Peter the Great planned the Summer Garden as a place for cultural recreation of citizens. The emperor personally developed the garden’s project: straight alleys, trimmed bushes, flowerbeds, fountains and statues. By the way, the Fontanka River was so named thanks to the waterlocked Summer Garden: the river was called Bezymyannyi Yerik (Anonymous Creek) by the time it appeared, and its water was used for the garden fountains.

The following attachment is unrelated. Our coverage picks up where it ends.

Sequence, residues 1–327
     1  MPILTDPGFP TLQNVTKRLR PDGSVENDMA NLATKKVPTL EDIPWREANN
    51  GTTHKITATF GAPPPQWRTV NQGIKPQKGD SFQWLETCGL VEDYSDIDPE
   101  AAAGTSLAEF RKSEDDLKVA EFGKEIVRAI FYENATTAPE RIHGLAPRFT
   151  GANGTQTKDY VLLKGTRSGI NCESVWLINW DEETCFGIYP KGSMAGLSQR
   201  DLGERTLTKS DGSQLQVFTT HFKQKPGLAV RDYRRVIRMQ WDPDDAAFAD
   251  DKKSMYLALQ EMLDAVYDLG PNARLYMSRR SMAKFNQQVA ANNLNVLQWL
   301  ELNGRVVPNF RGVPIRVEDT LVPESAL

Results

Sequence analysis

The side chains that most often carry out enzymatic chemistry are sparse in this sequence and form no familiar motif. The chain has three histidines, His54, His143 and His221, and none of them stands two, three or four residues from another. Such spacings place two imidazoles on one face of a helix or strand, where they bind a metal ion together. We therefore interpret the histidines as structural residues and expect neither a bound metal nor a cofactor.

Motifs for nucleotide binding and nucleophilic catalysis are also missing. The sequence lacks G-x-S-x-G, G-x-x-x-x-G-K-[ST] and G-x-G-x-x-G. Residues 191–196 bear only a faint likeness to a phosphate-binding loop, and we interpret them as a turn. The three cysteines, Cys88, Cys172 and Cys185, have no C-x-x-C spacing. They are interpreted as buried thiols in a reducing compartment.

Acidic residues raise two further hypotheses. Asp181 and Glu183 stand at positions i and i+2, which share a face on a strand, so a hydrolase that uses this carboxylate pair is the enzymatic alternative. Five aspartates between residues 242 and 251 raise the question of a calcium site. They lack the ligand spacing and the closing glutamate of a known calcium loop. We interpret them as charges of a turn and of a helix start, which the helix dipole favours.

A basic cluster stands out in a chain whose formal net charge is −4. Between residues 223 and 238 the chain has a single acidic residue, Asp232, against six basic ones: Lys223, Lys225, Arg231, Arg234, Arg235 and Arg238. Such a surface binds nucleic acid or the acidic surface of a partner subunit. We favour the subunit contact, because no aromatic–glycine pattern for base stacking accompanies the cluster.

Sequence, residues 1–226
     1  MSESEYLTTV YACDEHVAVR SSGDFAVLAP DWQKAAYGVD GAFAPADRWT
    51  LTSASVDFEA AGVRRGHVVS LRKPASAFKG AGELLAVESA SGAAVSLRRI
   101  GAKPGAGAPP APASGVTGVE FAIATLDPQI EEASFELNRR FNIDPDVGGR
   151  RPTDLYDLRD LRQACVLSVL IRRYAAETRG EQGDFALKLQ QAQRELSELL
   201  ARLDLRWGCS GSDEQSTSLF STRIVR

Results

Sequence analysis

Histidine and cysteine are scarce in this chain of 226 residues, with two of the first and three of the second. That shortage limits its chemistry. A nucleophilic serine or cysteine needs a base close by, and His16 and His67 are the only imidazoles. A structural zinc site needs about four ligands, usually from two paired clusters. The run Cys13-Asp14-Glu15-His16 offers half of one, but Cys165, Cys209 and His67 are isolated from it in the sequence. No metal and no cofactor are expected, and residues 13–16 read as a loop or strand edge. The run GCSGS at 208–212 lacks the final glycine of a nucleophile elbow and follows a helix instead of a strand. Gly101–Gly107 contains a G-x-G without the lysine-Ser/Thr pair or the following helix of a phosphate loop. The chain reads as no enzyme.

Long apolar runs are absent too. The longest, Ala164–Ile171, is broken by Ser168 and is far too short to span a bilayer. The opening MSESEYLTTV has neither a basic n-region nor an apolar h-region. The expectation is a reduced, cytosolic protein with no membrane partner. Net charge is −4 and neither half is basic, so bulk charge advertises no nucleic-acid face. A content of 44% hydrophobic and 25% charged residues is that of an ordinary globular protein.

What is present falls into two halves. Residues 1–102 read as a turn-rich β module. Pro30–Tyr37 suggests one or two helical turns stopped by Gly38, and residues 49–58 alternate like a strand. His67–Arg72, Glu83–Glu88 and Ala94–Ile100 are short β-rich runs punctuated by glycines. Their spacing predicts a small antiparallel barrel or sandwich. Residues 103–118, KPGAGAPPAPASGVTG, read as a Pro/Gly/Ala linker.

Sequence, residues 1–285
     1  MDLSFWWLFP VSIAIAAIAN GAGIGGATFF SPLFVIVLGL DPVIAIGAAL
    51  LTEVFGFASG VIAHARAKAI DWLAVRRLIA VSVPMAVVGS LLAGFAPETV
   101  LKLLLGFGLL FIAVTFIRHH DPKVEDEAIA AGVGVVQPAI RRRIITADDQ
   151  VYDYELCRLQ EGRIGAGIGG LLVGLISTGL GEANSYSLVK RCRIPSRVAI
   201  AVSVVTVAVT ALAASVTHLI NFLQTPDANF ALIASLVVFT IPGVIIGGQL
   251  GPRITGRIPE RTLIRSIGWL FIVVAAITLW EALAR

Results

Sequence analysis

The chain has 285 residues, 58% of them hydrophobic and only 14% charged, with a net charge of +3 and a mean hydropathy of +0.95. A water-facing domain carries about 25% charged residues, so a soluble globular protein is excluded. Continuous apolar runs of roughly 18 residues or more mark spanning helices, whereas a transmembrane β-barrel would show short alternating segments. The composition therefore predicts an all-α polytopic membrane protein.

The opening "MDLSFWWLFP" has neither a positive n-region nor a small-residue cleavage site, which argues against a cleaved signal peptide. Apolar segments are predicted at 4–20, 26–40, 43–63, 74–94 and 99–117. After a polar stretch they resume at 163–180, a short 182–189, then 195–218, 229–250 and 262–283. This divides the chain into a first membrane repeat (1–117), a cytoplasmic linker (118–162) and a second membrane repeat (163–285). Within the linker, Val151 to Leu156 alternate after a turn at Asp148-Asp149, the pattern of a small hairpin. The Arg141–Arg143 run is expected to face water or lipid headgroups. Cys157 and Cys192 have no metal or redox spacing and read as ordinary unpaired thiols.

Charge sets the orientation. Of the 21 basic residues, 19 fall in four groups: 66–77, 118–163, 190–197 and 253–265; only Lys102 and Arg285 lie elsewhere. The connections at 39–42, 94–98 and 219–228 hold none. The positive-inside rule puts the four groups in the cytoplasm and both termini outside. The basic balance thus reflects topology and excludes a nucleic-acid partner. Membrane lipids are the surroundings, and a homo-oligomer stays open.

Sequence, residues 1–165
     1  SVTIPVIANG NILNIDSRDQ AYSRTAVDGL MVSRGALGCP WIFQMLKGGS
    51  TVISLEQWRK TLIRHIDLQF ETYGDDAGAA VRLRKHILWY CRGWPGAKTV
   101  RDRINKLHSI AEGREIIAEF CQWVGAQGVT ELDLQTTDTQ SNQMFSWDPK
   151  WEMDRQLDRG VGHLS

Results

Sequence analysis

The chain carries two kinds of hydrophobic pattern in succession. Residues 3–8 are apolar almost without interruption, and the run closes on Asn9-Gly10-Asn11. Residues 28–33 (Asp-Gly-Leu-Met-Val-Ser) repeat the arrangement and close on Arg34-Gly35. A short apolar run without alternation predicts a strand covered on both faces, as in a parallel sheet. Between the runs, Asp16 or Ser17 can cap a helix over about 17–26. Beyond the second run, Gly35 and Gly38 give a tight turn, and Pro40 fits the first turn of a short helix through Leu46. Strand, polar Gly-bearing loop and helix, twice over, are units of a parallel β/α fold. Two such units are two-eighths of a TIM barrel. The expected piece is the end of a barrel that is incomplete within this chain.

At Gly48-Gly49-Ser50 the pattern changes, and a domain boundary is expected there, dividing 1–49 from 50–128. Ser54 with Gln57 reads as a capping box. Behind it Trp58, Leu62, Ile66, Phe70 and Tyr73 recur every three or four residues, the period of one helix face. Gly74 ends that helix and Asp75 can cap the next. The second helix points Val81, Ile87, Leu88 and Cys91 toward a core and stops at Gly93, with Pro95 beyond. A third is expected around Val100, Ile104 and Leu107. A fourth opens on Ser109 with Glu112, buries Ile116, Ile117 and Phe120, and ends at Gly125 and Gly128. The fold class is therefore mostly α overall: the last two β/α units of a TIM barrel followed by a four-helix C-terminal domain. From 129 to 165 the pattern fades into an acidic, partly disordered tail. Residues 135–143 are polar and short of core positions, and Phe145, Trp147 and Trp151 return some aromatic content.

The Summer Garden was divided into parts: the first Summer Garden contained a two-storey palace of the emperor built by Trezzini’s design. The second part occupied a space from the channel to the Moyka, and the area around St Michael's Castle is the third Summer Garden. The central part of the garden was decorated the richest way: 12 pairs of marble columns stood on both sides of the main alley, the very path was paved with marble, and there was an ancient statue of Venus here - the first nude woman’s sculpture in Russia. Now it is stored in the Hermitage Museum. The first fountains in Russia appeared just in the Summer Garden. In order to make them work, a canal was dug sideward from the Fontanka, from where water was pumped. A grotto was made on the bank of the mentioned river, decorated with columns and sculptures, with halls decorated with colored glass, with a live lion, contained in a cave, and an aviary. The grotto has not been preserved to our days, and its site is now occupied by a Coffee House. About two hundred statues for the Summer Garden were brought from Italy by Peter the Great personally. These were the figures of commanders, warriors, monarchs and mythic characters. Many of these sculptures have been lost by this point in time, and those survived are stored in the Mikhailovsky Castle. All current statues in the garden are replicas, but the dark red porphyry vase, standing by the Moyka, is authentic. It was given to Nicholas I by King Carl XIV of Sweden. The monument to the famous fabulist Ivan Krylov by Klodt, decorated with high reliefs on subjects of his fables, is also authentic. Initially, the Summer Garden was a kind of a closed club: one could get in here only at the personal invitation of Peter the Great. Later, well-dressed citizens were allowed to enter it, and in the XIX century it became a favorite walking place for the artistic intelligentsia. An Archaeological Museum appeared in the garden after restoration, which displays what was found during the restoration work: a gazebo, a greenhouse and an aviary.